Met up with our friends from the north - John and Barbara, Bernard and Jennifer and Bill and Brenda - at the RHS Tatton Flower Show. Plants, flowers, gardens and exhibits aside, this is a splendid excuse to get together and enjoy a glass of chilled champagne while swapping news and gossip. We all seemed bronzed, relaxed, fit and well. Only Bill felt inclined to tune in to the world of work. Bill, put that phone away! Now. Lovely to see them all again and thanks, John, for your invitation.
I think the weather was as hot as it gets - apparently the hottest since 1911. (Back here our thermometer under the cat-slide recorded a high of 35 degrees - I imagine on the show ground it exceeded that.) Being members' day it was not too crowded and one could actually get a look at the show gardens without being elbowed, pushed and shoved.
And what were the gardens like? I felt I'd seen it all before - some nice ideas and pretty planting. But the WOW! factor wasn't there. Once again the 'back-to-back garden category came up trumps. My personal favourite was BBC Northwest Tonight's 'Classroom Jungle' designed by Janine Crimmins, described thus:
'This garden is intended specifically for children aged between seven and 11. A jungle theme has been chosen to appeal to a child'’s sense of adventure.The design allows children to feel lost among the plants, and to enjoy exploring their way through the garden. To reach the central seating area, the children must push their way through the plants overhanging a hardwood pathway and step through an opening in the wall. Moving through the seating area, they step out over a pebble mosaic of a lizard, and between two more walls, one low enough to perch on and one with a small window to peek through. The walls are painted in deep red and orange to add vibrant colour to the garden.'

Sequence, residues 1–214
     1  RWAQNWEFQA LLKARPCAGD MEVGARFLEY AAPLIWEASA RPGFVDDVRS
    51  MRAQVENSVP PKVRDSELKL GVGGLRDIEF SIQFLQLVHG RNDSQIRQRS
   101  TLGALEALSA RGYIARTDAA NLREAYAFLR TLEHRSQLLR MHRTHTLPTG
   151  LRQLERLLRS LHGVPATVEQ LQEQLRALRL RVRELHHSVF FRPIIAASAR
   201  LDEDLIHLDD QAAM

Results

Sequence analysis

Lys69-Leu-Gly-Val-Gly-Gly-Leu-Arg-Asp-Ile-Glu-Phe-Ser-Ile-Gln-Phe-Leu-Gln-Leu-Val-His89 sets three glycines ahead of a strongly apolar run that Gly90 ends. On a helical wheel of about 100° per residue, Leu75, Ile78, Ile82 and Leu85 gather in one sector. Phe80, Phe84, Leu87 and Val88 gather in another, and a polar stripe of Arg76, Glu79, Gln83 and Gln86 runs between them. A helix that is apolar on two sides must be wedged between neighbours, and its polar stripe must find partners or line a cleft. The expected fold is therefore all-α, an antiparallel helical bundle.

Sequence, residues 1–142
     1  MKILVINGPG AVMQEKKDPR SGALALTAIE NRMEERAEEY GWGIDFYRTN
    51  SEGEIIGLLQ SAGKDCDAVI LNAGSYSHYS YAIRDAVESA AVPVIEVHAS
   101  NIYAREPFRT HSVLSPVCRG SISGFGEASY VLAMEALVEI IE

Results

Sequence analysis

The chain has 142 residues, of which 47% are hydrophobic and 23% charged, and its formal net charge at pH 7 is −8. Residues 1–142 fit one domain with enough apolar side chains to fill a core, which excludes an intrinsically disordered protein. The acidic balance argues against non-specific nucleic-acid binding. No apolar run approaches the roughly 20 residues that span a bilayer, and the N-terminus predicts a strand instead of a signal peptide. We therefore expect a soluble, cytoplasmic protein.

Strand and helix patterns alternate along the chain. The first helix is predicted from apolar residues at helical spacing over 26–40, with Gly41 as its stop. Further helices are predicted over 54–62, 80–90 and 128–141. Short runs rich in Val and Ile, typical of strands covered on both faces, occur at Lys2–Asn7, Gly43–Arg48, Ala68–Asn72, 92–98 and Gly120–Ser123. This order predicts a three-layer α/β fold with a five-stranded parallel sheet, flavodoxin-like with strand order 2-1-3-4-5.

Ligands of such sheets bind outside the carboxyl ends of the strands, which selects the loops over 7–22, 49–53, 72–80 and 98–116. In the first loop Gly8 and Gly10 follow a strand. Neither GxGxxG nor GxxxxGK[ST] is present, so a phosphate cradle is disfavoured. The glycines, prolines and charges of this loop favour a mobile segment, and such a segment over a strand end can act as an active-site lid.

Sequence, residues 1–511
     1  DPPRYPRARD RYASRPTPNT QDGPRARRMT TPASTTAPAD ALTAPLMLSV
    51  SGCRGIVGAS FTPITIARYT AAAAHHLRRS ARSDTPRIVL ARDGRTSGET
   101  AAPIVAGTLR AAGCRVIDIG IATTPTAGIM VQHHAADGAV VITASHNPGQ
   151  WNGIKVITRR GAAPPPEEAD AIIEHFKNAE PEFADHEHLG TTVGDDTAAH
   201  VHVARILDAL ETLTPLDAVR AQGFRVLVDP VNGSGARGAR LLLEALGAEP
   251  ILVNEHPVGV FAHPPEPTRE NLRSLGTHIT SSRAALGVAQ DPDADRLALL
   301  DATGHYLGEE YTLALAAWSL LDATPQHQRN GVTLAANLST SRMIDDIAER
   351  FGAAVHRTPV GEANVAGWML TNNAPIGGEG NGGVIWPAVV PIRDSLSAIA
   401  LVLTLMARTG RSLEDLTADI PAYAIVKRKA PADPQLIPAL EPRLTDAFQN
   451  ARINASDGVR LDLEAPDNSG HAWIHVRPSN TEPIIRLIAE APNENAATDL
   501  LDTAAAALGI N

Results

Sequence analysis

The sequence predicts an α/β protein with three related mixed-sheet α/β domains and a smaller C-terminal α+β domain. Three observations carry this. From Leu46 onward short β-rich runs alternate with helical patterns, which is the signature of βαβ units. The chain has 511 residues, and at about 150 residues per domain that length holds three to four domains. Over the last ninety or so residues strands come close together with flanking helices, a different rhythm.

I don't think either the drawing or the photograph do justice to the garden - it was an intensely vibrant space, beautifully planted. Next week it will be rebuilt in the grounds of the primary school in Liverpool who were lucky enough to win it.
Interestingly the Reaseheath Garden which I had admired at the NEC a month ago, and which earned a 'Gold' and "Best in Show', here received only a 'Silver'. I wonder if this was because it lacked freshness and its construction looked a little tired - all the other elements were the same.
We left as the showground closed for the day - there were few cars left in the car park so ours was easy to spot, thank goodness! (All silver cars look the same to me...) Back home to the end of Long Mountain where all was still and quiet. We sat in the garden with a glass of wine and watched clouds roll in from the south. As the light fell a few bats fluttered amongst the trees in the dingle and a solitary owl hooted from Badnage Wood. And so to bed.